higybigy in Bangladesh

Most of the towns and cities of Bangladesh are higybigy

 Manik,our amazing driver and Hannan,field supervisor and translator for BPKS, aNGO of and by the disabled

people in Bangladesh, taught me this word. We have

been traveling for several days in the more remote areas of the country. There is a breathtaking landscape of rice fields surrounded by village houses

built of mud and tin. The floors are dirt, electric is

minimal and running water is rare. Most people bathe

themselves and wash their clothes in murky green  ponds or small rivers. Sometimes they have been able to dig wells.  The first day we drove from Dhaka

for 8 hours north to the Indian border to reach the

town of Kurigan. This is one of the poorest areas of

Bangladesh.  After 9 hours of dodging buses and trucks

on the narrow highway, we reached a river past sundown and basically drove the Toyota van onto

a wooden raft pulled by a smaller boat. Most of the other vehicles were bicycle rickshaws, the major form of transport in the country.   My nifty REI head flashlight beamed the way for everyone to get onto dryland.   Most of these people did not read or write and had never gone more than 50 km from theirvillage.  I  felt like the visitor from another planet. Our accomodations were to say the least, rustic. There was a squat toilet and a sink in a dismal,primitive space next to the sleeping area. (I survived the night with my handy REI sleeping bag liner and  newly purchased quilt, creating my own sleeping bag.We were greeted by a group of men, all with disabilities, who were in charge of the BPKS office in this district.   They were crippled by polio or blinded by lack of vitamin a and c, or without an arm or leg because there were no hospitals or doctors in the area when they fell and broke a limb,  it became infected and then it was cut off.    So poverty and lack of education and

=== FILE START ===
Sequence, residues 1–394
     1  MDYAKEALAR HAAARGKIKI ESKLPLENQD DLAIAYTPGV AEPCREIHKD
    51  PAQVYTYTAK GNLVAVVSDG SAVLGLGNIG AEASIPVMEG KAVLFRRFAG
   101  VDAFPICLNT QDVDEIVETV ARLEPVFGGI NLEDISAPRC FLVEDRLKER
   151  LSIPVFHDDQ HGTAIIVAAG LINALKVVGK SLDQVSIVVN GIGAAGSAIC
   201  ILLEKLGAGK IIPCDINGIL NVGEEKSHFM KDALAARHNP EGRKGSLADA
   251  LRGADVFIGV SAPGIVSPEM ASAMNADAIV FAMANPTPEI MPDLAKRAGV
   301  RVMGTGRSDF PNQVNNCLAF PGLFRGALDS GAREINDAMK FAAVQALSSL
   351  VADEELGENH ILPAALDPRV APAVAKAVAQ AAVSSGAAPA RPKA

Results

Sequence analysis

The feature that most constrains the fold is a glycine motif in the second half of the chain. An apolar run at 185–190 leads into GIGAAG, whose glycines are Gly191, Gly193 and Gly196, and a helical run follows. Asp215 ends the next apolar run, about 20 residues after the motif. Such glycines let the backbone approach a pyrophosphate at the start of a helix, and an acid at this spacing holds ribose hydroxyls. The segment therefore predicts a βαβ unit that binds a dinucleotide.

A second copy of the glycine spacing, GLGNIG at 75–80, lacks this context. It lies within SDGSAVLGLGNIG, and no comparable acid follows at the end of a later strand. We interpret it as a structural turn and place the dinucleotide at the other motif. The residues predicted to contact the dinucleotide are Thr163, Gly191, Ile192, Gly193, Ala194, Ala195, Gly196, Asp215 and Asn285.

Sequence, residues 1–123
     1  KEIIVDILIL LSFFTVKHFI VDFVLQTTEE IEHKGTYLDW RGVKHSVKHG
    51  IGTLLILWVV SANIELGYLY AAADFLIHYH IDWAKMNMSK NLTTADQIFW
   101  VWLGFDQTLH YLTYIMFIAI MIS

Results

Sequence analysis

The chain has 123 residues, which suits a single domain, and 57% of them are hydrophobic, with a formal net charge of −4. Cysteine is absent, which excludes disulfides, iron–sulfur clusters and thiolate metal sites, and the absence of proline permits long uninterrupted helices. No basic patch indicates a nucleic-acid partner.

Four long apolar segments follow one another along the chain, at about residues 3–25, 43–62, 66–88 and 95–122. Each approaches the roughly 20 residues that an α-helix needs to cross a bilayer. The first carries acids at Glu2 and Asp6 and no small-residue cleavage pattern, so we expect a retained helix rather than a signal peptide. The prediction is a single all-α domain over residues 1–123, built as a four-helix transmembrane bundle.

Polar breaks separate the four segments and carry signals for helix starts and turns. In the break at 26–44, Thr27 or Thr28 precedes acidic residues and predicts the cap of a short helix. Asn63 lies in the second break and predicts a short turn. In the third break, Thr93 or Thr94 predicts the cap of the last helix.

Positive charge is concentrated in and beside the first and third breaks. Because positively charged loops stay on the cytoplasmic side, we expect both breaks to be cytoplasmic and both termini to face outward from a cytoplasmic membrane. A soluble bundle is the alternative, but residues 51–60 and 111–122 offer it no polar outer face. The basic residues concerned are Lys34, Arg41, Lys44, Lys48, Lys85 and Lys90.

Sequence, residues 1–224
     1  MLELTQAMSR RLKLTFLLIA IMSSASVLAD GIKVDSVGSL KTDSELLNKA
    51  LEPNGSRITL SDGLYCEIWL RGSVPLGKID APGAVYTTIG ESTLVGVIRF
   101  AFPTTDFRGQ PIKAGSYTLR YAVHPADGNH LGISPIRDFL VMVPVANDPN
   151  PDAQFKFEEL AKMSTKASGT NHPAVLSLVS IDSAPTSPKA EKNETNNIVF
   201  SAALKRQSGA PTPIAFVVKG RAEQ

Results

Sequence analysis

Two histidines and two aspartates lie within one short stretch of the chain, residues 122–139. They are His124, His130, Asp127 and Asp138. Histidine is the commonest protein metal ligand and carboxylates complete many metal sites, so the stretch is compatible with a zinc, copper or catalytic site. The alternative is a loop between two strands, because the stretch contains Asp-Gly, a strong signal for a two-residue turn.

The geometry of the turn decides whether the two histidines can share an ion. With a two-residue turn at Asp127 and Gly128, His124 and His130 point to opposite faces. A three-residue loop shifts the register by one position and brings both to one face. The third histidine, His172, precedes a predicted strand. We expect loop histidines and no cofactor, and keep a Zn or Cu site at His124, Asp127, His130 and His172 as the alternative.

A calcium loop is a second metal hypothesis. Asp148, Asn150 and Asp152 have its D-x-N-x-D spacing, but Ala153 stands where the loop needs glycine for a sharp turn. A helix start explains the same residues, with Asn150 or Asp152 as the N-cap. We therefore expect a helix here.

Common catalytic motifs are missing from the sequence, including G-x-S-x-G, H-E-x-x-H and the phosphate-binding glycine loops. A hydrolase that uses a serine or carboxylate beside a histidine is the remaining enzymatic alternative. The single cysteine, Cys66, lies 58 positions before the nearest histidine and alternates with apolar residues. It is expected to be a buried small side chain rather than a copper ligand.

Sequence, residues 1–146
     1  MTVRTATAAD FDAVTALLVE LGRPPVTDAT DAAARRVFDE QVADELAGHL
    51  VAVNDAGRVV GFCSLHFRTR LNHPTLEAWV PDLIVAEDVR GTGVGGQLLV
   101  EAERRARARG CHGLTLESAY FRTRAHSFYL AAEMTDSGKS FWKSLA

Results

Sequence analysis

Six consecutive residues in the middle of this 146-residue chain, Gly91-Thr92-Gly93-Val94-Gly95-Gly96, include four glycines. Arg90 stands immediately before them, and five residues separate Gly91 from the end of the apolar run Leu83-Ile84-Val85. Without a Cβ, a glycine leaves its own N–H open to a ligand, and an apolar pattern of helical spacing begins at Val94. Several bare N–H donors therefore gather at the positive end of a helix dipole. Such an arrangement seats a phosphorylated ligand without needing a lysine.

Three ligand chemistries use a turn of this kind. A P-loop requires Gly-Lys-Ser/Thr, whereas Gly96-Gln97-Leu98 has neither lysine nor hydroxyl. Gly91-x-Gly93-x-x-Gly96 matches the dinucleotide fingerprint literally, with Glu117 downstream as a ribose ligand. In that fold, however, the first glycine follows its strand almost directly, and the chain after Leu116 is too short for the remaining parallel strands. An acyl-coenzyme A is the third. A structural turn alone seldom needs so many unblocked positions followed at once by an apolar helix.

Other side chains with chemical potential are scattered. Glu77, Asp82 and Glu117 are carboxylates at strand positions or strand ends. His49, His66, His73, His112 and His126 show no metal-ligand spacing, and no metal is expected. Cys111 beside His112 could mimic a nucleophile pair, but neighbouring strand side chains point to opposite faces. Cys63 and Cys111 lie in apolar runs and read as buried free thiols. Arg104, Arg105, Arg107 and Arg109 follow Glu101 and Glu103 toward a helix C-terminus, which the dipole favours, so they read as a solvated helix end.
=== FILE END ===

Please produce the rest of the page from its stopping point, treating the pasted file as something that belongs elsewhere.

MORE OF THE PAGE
bad government has ruined the lives of so many people here. I will continue my story and my journey

as soon as i find another internet this week..




2 Responses to higybigy in Bangladesh

  1. mustang February 24, 2007 at 8:58 am #

    Thanks for providing a new pov from our cushy lives stateside. It seems so horrible to us but as you said, there is happiness and so many people in our world take anti-depressants. But the conditions suck and it’s no way to live. That’s cool you took a job — Is it volunteer? How long? Does it include travel? Does it feel good to be helping in some way? Does it feel good to be away from the Aurora house and other personal traumas? Cuidado chica. sounds peligrioso. Char

  2. rindajoy February 24, 2007 at 12:05 pm #


    Good to hear from you. Brings back memories from my first few days in Calcutta. I’m sure this is very different but not by much. Look forward to hearing more. Stay safe and healthy.

    Love ya, Rinda

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